The saddest family walked into my room not long ago. The tension in the air was so great, I could hardly breathe. The parents smiled and were quite pleasant as they addressed me and their children, so what was I picking up? The daughter, a teen, had a glum expression and sat with her arms crossed. She, clearly, was unhappy. But was she just a manipulative person who was cross when she didn’t get her way? That seemed to be her parents’ thought as they argued and negotiated their way through the first 20 minutes of our session.

Now, in truth, if these parents had been operating from the rest of this website, they would have gotten gold stars. They were not abusive. They were not putting the children down. They had good rules. They stuck to the rules (more or less). They tried to not let the kids walk all over them. Was it their fault that the children needed so much control?

How To Create Low Self Esteem Without Abusing Your Child

The answer is: Yes. Yes, it is their fault. The object of controlling a child is to foster self-control. The object of discipline is to foster self-discipline. If parenting is not accomplishing that then all the rules, all the consequences, are for naught. You will only foster rebellion. Or resentment, or just plain pain. This child was in pain. And the worst of it was that with all the rules and all the consequences and all the arguments, negotiations, and deals, she was totally convinced that whatever was wrong was wrong with her. Even when she blamed her parents, in her heart, she believed it was her. I could tell. This is how the best-meaning parents get their children to have low self-esteem and, as adults, pervasive, low-grade depression.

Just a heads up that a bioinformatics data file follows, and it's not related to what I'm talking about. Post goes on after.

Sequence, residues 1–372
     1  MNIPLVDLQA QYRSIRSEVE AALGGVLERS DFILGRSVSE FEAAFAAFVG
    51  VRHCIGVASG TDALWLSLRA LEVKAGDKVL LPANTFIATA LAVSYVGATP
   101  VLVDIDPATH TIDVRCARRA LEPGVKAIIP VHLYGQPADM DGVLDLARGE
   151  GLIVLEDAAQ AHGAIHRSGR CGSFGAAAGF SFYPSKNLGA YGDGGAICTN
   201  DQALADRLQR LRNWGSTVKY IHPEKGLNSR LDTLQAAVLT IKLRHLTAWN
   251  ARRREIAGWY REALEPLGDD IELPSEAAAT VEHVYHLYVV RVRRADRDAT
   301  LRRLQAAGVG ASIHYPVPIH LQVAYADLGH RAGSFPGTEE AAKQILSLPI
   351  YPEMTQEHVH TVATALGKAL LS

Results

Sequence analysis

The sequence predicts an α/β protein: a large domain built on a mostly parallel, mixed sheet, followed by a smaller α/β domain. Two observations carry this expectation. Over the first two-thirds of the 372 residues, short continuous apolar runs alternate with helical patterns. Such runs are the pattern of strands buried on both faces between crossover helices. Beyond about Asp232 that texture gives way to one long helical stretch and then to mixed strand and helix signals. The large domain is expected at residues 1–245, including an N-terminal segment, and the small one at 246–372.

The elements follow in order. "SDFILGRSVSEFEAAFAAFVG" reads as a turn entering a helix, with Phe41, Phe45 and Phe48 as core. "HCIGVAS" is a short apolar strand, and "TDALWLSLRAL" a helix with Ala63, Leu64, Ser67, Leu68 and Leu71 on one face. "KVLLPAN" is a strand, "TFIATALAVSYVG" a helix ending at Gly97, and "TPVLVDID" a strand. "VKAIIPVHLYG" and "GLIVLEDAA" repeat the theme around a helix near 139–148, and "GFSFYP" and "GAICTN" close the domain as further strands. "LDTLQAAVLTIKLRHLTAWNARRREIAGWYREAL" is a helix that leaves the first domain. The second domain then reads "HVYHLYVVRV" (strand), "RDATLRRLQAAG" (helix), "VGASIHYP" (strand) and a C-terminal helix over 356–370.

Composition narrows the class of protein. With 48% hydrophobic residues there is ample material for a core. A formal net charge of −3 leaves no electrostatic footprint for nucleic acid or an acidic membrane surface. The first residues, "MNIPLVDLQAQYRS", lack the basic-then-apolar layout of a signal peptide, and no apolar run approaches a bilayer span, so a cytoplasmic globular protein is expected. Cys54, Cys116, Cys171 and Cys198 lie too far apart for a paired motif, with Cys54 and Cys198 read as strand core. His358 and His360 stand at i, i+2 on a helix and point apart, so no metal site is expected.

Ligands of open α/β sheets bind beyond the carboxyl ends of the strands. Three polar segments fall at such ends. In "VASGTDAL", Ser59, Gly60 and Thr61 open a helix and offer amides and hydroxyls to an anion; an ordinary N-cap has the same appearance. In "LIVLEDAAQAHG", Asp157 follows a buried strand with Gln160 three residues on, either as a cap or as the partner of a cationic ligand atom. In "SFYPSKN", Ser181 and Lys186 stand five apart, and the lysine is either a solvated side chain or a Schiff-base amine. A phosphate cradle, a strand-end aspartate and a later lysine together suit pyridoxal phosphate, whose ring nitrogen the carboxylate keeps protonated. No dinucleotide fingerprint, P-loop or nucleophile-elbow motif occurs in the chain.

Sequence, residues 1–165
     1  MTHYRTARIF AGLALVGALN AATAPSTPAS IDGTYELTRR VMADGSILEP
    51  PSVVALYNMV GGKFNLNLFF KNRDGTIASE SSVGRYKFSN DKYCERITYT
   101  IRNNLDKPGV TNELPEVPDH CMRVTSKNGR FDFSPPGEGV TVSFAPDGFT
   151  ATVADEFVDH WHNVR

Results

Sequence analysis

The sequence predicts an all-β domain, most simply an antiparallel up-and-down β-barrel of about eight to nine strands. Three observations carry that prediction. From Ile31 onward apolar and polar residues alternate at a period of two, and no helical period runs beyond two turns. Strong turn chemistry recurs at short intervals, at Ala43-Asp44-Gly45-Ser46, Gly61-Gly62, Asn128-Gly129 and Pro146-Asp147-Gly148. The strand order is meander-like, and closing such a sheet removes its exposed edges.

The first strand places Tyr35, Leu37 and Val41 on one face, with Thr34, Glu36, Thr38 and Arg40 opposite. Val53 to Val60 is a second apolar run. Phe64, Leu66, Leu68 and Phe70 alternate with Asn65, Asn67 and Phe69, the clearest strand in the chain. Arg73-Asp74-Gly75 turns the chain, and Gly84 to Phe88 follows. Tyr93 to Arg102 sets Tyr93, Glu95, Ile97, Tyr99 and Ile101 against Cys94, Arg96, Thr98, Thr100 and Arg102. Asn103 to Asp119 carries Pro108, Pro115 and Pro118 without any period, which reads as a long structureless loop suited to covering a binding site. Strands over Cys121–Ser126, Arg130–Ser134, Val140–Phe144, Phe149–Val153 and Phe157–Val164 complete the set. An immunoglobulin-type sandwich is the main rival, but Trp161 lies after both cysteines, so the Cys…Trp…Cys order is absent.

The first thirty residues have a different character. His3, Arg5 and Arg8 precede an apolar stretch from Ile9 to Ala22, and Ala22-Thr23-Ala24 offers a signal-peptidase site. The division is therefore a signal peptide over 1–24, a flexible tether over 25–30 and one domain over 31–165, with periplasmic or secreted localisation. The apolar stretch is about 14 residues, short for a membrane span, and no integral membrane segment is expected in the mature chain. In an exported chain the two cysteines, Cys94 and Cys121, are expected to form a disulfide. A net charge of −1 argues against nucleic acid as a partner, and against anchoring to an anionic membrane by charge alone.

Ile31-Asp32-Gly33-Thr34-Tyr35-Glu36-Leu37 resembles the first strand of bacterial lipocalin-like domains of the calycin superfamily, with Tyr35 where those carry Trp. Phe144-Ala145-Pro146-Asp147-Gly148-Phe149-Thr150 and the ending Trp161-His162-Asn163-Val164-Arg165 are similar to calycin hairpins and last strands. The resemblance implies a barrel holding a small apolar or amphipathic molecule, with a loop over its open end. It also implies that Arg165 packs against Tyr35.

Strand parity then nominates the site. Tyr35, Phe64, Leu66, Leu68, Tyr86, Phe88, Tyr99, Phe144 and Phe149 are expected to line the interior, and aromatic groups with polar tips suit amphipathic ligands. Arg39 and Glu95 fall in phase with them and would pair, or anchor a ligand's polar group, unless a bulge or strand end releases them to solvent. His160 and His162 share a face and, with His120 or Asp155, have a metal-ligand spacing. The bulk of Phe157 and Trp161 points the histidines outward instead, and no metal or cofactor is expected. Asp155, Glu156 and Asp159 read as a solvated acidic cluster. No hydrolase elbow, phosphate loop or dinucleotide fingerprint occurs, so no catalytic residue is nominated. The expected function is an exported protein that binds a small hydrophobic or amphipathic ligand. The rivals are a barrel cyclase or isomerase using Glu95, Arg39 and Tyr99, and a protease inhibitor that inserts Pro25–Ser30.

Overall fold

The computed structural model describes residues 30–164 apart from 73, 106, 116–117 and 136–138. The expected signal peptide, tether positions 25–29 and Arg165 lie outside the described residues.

Happiness Comes From Knowing Someone Likes You

The missing ingredient was happiness — and love. In order for the entire system to work, the family has to like each other–and their behavior, at least some of it. This brings happiness. When the basic liking is there, all else can be accomplished. It is the building block for a family to help foster its children’s growth and development.

I took a deep breath and said, “This does not seem like a happy family.”
Simultaneously, the mom and dad replied, “That’s true. We’re exhausted from all this.”

So I told them about John Gottman’s ratio. Gottman is a researcher who has worked in the area of marriages but his findings make sense for families as well. He found that there is a number of criticisms compared to praises beyond which a marriage crumbles, and that number is one (1) criticism to five (5) praises. That’s right. The minimum to keep a marriage off the rocks is 1 bad:5 good. 1 bad remark for every four good ones is insufficient for happiness. Same with kids. Surely, surely if a marriage must have at least five positives for every negative, then the growing souls of young children, so dependent on the positive regard of their parents must have more.

Happiness Comes From Knowing You’re Doing Something Right

So, BEHAVIOR MODIFICATION EXPERTS, BEWARE!! Control is not everything. For the whole thing to work, there must be a feeling of, “Gee, I gotta be doing something right.” The child must feel good about himself, his behavior, his choices, his ability to control himself, the works. Otherwise, how will he ever know when he’s “got it”?

I gave that family two homework assignments. The first was to have fun with each other. And the second was find five positives to say about each of their children before they got out to the car!

Folks, I know it’s hard. Especially if you are a perfectionist. But trust me, children weren’t born at 40 years of age. Growing up means allowing them to make mistakes and telling them they did a good job if they tried. It means being reasonable about criticism and bountiful with praise.

When my oldest was born, I wore her all day in the snugli. Some old bat told me I was going to spoil her. Well, she’s an adult now and you know what? The snugli didn’t spoil her and neither did my praise. I’m proud of her to this day–and I’m not afraid to tell her so.

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